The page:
2. Track your spending by recording it, using your bank’s expense-tracker for your debit card, or using an app like Mint, Personal Capital, Tiller, or Wally.

Consumer sector corporations are brilliant at getting you to develop bad spending habits: café coffee, gas station soda and candy, eating out too much, not sticking to your grocery list, or impulse-buying at discount stores, department stores, or online. You can probably relate to more than one of those. I certainly can.

For my wife and I, the biggest spending problem right now is food. We are both teachers, and we both have some health problems that rob us of energy. At the end of the school day, we often feel too tired to cook, and are tempted to eat an easy processed meal, grab a pizza, or stop at a quick service restaurant, all of which are usually more expensive than a home-cooked meal, and not great for your health either. To make matters worse, I have a gluten allergy. Those easy processed meals like mac-n-cheese, TV dinners, or frozen pizza cost about 3 times as much when you have to get them gluten free. Putting together 5 gluten-free sack lunches per week is not cheap or easy for me either.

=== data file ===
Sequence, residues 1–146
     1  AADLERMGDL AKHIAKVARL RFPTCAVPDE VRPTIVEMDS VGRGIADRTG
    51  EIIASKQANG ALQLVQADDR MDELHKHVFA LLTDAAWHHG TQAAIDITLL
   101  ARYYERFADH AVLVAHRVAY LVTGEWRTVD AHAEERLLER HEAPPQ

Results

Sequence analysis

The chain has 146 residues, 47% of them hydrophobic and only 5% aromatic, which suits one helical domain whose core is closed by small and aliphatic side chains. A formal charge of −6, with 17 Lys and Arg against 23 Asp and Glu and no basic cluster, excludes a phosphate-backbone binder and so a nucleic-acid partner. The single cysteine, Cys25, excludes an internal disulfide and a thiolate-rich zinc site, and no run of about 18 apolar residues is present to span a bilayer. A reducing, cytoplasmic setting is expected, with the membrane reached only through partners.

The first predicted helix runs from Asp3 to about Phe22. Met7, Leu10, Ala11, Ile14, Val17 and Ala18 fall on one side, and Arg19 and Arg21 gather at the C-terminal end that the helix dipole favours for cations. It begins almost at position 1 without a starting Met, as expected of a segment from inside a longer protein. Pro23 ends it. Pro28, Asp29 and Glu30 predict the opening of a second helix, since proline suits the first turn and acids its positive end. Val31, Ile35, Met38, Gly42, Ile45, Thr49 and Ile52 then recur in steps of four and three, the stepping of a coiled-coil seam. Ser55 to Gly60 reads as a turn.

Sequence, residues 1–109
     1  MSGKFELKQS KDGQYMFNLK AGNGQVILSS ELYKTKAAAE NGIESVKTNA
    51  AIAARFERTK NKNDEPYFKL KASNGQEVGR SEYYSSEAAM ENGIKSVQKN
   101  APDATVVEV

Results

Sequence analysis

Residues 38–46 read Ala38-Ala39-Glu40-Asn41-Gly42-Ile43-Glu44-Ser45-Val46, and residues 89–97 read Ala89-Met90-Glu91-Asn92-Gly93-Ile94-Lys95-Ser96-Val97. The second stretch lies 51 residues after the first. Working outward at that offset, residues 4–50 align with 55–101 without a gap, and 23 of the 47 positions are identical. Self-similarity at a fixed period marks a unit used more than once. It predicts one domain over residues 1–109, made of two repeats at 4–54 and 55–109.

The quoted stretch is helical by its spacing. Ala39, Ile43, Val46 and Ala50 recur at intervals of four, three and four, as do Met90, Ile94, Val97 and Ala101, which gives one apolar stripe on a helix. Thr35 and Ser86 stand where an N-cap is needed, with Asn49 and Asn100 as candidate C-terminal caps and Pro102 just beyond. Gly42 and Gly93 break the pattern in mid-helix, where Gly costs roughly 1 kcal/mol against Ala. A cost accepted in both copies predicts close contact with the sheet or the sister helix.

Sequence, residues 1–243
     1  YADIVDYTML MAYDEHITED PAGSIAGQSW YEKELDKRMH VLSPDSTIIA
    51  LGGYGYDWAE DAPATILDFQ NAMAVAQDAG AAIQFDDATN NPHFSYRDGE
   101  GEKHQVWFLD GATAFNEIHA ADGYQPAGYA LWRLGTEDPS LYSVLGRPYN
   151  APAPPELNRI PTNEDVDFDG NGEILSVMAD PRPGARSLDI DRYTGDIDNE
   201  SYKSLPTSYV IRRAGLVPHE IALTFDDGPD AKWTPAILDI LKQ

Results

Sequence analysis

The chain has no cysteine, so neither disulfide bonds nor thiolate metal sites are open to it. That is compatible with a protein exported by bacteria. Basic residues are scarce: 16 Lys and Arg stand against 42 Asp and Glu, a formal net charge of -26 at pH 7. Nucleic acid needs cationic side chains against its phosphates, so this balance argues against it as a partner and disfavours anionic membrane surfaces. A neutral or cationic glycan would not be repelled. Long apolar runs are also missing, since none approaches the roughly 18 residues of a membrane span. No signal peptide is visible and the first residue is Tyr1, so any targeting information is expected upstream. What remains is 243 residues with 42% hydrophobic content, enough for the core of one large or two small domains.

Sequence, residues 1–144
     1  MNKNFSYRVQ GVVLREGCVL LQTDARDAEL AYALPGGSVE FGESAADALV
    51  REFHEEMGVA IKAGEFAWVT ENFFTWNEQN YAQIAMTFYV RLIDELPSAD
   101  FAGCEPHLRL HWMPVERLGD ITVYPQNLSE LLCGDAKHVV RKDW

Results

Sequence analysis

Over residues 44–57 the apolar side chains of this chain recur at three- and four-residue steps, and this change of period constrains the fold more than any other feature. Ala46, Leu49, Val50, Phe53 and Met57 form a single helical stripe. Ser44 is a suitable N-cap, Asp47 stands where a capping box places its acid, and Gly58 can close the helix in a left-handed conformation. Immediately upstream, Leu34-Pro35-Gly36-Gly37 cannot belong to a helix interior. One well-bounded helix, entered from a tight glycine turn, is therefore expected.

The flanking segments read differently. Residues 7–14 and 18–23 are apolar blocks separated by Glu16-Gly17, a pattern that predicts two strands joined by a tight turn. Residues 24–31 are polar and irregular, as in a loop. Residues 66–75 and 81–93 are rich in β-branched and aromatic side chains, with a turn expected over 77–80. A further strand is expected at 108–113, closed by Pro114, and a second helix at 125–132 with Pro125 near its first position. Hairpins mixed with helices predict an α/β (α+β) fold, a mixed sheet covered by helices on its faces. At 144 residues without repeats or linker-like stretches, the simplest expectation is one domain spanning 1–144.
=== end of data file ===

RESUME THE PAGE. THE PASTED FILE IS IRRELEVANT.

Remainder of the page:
This summer, we came up with a plan to solve our food spending issues, and we were able to get most of it done in one weekend. Continue reading “Bringing Spending Down to a Low Boil”